OCaml Game And Multimedia Library
DISCLAIMER: This library is only in early stages and some features will probably change or be removed.
NOTE: When developping OGaml, we try to enforce the absence of undefined behaviours. We also try to hide most low-level functions, even though there are cases where we need to expose them (such as texture binding functions). If you find an error that is not catched, an undefined behaviour, or a low-level function that could have been hidden, please open an issue :-)
OGaml is a fast and cross-platform multimedia library for OCaml, currently supporting Windows, OSX and Linux (X11 only). It provides the following modules:
OgamlMath - provides mathematical functions and structures such as vectors, matrices, quaternion and polygons. This module is particularly helpful for 3D rendering (projection matrices, polygon generation, etc...).
OgamlCore - provides high-level window and event management and encapsulates the low-level bindings to the various window libraries (Xlib, Cocoa, etc...). Also provides various functionalities such as a logging system and manipulation of UTF8-encoded strings.
OgamlGraphics - provides 2D and 3D rendering functions. The aim of this module is to provide high-level, type-safe and modular bindings for most OpenGL functions, while hiding all the error-prone OpenGL API. A rule of thumb for this module is "all OpenGL errors or undefined behaviors should be catched by the type system (at best) or raise an exception". OpenGL state changes are optimised (no redundant changes) and most of the state mutability is hidden behind wrappers.
OgamlUtils (WIP) - provides several useful functions and data structures for game development, such as interpolators, graphs or UTF8-encoded strings.
You can find some examples in the corresponding directory as well as on the documentation http://ogaml.github.io.
Batch drawing optimisation
More image and textures types
Our ultimate goal is to add access to music, network, and to implement more helpers to make games (like physics, lighting, etc...).
Why use OGaml (rather than raw OpenGL for example)?
OGaml is safe and easy to use:
The functions are high-level and the API tries to be as functional as possible. This should help to avoid bugs due to mutable values, pointers, or untyped enumerations.
OGaml provides everything necessary to do 2D/3D rendering from window management to text rendering and vertex arrays.
OpenGL structures such as vertex arrays are hidden behind functional and easy to understand types that are easier to manipulate. Structures such as vertex buffers and samplers are hidden and don't have to be allocated manually.
OpenGL enumerations (GLenum) are binded to variant types (rather then simple integers) to provide more type safety. You should not be able to pass invalid enumerations to OpenGL functions.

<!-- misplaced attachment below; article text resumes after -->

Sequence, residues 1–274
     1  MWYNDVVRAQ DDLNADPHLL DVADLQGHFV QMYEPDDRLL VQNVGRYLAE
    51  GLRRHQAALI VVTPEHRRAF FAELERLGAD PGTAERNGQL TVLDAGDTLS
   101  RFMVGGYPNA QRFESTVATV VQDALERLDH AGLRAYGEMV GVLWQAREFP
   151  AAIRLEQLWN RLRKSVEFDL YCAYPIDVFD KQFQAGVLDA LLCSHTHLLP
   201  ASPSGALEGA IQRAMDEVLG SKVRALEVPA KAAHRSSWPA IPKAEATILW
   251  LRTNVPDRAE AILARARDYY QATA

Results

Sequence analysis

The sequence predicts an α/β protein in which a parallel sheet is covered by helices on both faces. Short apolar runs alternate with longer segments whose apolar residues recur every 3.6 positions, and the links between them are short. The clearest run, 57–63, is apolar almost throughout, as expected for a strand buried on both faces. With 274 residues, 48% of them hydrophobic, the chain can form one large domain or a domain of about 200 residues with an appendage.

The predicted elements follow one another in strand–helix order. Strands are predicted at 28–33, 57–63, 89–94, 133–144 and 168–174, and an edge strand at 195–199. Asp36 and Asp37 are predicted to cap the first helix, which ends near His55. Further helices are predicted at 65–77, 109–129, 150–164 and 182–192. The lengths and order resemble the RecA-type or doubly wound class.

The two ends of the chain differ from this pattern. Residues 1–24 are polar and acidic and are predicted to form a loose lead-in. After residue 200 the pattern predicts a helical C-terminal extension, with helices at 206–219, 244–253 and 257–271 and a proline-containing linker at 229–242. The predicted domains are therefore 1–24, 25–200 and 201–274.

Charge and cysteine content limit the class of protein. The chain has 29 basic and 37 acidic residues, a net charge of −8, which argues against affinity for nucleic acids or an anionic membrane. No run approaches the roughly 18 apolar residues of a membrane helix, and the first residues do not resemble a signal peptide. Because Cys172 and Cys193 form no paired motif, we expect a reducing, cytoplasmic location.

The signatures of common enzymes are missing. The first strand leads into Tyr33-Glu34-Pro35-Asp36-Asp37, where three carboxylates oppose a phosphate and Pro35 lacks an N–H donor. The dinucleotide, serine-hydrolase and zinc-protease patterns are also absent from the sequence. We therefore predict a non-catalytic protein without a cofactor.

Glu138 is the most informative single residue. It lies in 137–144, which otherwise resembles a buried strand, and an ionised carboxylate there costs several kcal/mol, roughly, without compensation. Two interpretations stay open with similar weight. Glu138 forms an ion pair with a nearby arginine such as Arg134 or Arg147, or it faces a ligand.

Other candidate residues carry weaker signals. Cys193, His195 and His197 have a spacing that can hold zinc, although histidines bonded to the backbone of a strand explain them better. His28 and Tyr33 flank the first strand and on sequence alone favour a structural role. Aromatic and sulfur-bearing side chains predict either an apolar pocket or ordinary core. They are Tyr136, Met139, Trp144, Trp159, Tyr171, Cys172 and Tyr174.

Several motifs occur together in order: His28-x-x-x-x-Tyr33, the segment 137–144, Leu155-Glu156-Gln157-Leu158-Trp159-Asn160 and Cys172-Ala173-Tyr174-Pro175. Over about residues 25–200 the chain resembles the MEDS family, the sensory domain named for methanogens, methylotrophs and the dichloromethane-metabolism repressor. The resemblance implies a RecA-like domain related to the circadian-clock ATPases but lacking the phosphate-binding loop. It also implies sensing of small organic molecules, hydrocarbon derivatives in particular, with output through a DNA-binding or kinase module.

The OpenGL state is hidden and does not have to be modified manually (no
glEnable). Everything is done via function parameters such that calling the same function twice with the same parameters should give the same result (independently of what has been executed between the two calls). Moreover, all state changes are optimised such that no redundant changes are performed.
OGaml should detect any error or undefined behavior and at least raise an exception before it happens. This means that you don't need to call
glGetError(which is quite costly).
OGaml provides advanced functionalities:
The module VertexArray provides a high-level and easy to use wrapper around OpenGL's vertex arrays. Unfortunately, this comes at a cost: those arrays cannot contain custom data. But you can use the module VertexMap that provides the same functionnality for custom data.
The module Shape provides easy manipulation of 2D shapes such as rectangles, circles or regular polygons. The module Sprite provides functions to render 2D sprites and apply various transformations to them.
It is easy to render 2D text of any color and size using the module Text. It also provides a way to add effects (such as moving letters, changing color, etc...) in a modular and functional way.
If you want to make an AAA-looking game with dozens of post-processing effects, the modules Framebuffer and Renderbuffer provide a high-level and safe way to create off-screen render targets. All the rendering functions make use of first-class modules to provide some polymorphism. This allows you to easily switch between rendering to a window or to a framebuffer.
Building and installing OGaml (OSX/Linux only):
You will need the following dependancies:
cppo (preprocessor, available on Opam)
OpenGL libraries (3.0 minimum)
make install should do the trick. You can test it on some examples
make examples or on Travis' tests
Building and installing OGaml (Windows, MSVC):
You will need the following dependencies :
GNU Make for Windows
OpenGL headers and libraries - opengl32.dll (3.0 minimum)
GLEW headers and libraries - glew32.dll
gdi32.dll and user32.dll, although these should be available by default
Microsoft Windows SDK
You will also need to install and configure OCaml to work with MSVC.
Finally, you will need to compile cppo (from the sources) and place the resulting .exe in your PATH, so that the compiler can access it.
make install will then compile OGaml and install the library
in OCaml's path.
make examples will compile the examples, and
make tests will run Travis's tests.
make uninstall is not working on Windows (yet), so uninstalling
the library should be done manually.
Redistributing OGaml executables
OGaml executables are almost standalone !
If you want to redistribute an executable, you only have to provide all the required assets (shader sources, textures, fonts, ...), and GLEW's DLL (glew32.dll) if you're redistributing a Windows executable. That's as simple as that !